Identifying the “Primary Aggressor” in a Domestic Violence Context – Part 1 of 3 – California Penal Code 13701

By: Wallin & Klarich

Police officers and prosecutors alike receive training for identifying the primary aggressor in the context of a domestic violence dispute. When being charged with any type of domestic violence in California, it is critical that you immediately contact a criminal defense attorney versed in handling all domestic violence cases. You will need an advocate on your side to assist in painting a more accurate portrait of the incident in question.

California Penal Code section 13701 is instructive in identifying the “primary aggressor.” California Penal Code section 13701(b) provides that written policies should encourage the arrest of domestic violence offenders if there is probable cause to believe that an offense has been committed. It is important to understand that such policies discourage, but do not prohibit, dual arrests. As such, law enforcement officers are encouraged to identify the primary aggressor in any domestic violence dispute or incident.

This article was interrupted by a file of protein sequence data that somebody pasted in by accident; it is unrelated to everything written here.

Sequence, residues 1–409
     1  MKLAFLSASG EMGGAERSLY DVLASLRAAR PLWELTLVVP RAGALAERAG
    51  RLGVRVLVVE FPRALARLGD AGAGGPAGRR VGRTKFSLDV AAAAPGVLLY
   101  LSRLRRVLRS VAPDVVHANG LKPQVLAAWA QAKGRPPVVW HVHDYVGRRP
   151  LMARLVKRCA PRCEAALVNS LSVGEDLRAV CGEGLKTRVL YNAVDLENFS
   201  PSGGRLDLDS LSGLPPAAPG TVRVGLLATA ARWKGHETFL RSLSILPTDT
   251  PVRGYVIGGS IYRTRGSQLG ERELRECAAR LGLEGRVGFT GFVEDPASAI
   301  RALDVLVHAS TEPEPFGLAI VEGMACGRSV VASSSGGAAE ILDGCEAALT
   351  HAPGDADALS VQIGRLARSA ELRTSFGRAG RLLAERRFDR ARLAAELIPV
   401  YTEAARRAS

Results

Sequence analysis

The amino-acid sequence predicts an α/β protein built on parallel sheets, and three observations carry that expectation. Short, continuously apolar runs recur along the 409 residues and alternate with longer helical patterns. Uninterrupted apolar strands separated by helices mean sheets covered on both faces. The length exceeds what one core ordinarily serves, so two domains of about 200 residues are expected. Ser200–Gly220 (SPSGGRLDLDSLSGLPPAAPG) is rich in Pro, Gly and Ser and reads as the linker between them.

An experienced domestic violence San Diego attorney will understand such critical factors as: mutual combat, self-defense, defense of others/property, and distinguishing between offensive and defensive injuries. In order to make sure that your rights are accurately and aggressively defended after being charged with domestic violence in Southern California, you should contact the experienced Southern California criminal defense law firm of Wallin & Klarich. Our attorneys have been helping those accused of crimes for more than 30 years. Wallin & Klarich has the legal resources and knowledge to assist you in obtaining a successful outcome. Call Wallin & Klarich today at 888-280-6839 or visit to find out more about how we can help. We will be there when you cal. Also continue to read Part 2 of our Primary Aggressor blog to learn more.

Posted In: Criminal Defense